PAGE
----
Although basically the same, there are a handful of additions for the Wii U. Some of these are a silly and fun, like the ability to share photos through MiiVerse and the ability for Link to take selfies, but there are a couple which do fundamentally improve the game. The infamous Triforce Hunt is vastly improved, with far fewer maps to be decoded by Tingle, with many mini-dungeons which once gave charts now giving the Triforce piece directly. The best addition is, for reasons that I cannot fathom, hidden in an obscure and dull mini-game and barely advertised in the game itself. The swift sail, which ratchets up the speed of the King of Red Lions and eliminates the need to use the Wind Waker to change wind direction, improves the pace of this game by a staggering amount. I occasionally switched back to the old sail, and I couldn’t believe how slow the boat went. The epic and huge feeling of the Great Sea remains, but the tedium is cut out. It’s a shame that the sail can only be attained through the auction on Windfall Island, as many players are going to miss it. Still, those who do get the swift sail will find the game’s pace markedly improved. The Wii U touch screen speeds up item management, and gyroscope aiming for the bow markedly improves accuracy.
Things aren’t all perfect, and coming at this game a decade later I’ve noticed issues that I hadn’t on the Gamecube. It’s clear that The Wind Waker was rushed, with some very clear moments where further content was planned. As wonderful as Wind Waker is, I can’t help but wonder what it could have been with another year of development time. Whilst Wind Waker’s musical combat is some of the best of the series, the targeting is a mess, particularly when compared to modern games with similar control schemes such as Darksiders. Wind Waker has one fairly key deficiency; none of the dungeons, or even the bosses, are series standouts. They’re fine, don’t get me wrong, but a Zelda dungeon at its best is a symphony of devilishly clever game design and planning, and they all feel just a little bit basic in Wind Waker. It’s amazing that, despite these fairly glaring flaws, Wind Waker still manages to stand as one of the best in the series.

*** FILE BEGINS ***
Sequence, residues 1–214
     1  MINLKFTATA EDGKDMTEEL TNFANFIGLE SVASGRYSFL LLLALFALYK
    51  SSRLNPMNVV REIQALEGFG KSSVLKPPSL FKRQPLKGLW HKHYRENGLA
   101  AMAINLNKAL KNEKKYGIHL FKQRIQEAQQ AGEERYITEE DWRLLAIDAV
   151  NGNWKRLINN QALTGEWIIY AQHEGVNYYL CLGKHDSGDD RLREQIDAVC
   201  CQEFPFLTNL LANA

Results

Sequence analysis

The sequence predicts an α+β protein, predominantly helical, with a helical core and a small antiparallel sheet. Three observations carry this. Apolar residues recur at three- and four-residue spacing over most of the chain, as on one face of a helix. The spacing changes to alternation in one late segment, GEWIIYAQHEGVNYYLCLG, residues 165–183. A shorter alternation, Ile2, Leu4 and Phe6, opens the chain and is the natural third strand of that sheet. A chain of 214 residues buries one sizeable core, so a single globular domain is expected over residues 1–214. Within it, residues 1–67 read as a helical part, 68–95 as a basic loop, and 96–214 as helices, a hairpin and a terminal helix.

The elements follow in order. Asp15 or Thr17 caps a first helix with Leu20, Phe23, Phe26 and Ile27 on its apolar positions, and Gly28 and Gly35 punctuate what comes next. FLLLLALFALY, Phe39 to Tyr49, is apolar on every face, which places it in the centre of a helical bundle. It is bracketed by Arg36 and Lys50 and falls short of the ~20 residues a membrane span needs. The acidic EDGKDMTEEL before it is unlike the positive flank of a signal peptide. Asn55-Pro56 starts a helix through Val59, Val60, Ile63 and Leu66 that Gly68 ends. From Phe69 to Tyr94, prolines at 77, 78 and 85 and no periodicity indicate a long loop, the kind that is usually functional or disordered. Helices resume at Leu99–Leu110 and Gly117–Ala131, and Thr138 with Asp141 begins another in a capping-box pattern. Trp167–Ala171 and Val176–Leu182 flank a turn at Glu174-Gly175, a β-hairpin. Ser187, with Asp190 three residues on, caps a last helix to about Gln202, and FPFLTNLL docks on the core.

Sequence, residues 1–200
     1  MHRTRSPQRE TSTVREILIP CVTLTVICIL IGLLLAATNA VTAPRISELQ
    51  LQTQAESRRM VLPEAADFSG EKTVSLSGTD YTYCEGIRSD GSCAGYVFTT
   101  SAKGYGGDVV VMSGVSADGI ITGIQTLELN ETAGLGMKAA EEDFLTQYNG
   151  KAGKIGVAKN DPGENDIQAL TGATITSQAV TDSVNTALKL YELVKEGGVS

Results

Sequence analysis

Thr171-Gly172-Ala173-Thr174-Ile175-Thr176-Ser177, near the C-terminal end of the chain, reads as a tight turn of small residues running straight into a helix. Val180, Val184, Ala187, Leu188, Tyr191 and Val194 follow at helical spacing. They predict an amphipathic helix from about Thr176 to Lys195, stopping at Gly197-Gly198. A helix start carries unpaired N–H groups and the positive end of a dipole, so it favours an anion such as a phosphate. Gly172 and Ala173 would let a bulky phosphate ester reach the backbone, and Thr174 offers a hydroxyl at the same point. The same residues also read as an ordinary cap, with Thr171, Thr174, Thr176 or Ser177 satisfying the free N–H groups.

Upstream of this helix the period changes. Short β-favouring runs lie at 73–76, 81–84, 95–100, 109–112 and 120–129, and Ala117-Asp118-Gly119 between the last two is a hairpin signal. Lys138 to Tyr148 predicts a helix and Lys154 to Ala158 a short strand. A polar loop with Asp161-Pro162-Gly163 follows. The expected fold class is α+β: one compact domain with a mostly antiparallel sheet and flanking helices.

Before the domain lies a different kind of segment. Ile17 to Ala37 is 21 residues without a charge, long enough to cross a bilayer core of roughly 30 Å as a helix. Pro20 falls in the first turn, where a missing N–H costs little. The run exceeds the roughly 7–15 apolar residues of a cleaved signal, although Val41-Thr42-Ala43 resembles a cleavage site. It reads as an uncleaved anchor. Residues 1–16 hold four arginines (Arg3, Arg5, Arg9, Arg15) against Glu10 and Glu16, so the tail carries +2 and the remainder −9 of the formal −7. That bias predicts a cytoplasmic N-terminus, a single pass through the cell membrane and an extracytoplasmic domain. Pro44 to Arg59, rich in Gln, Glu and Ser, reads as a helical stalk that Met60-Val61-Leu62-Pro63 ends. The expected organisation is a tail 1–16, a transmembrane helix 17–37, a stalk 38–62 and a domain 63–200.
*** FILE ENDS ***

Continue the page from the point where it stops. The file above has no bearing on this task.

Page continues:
Wind Waker is ironically the game least in need of a visual makeover, and whilst the HD looks lovely, Wind Waker already looked lovely. The more recent Twilight Princess is much more in need of a visual overhaul than Wind Waker. There’s a little too much bloom for my tastes, but by and large the HD update is well done, and helps to make Wind Waker even more beautiful. Probably the biggest disappointment in this update is the lack of remastering of the original music. Wind Waker has one of the greatest soundtracks in any game ever, but the actual sound quality was very low, and only the most marginal improvements are made to this. Super Mario Galaxy taught us how powerful a fully orchestrated game can be, and for a remake this might be asking a bit much, but maybe they could have at least done the Great Sea theme?
The Legend of Zelda: The Wind Waker is a game that has genuinely earned the often hyperbolic appellation of timeless. It’s a beautiful, stirring and swashbuckling experience, and one which really hasn’t been rivalled in a long time. The Wii U update adds some new strength, and even if it exposes a few old flaws, I think that Wind Waker will never stop being a wonderful experience.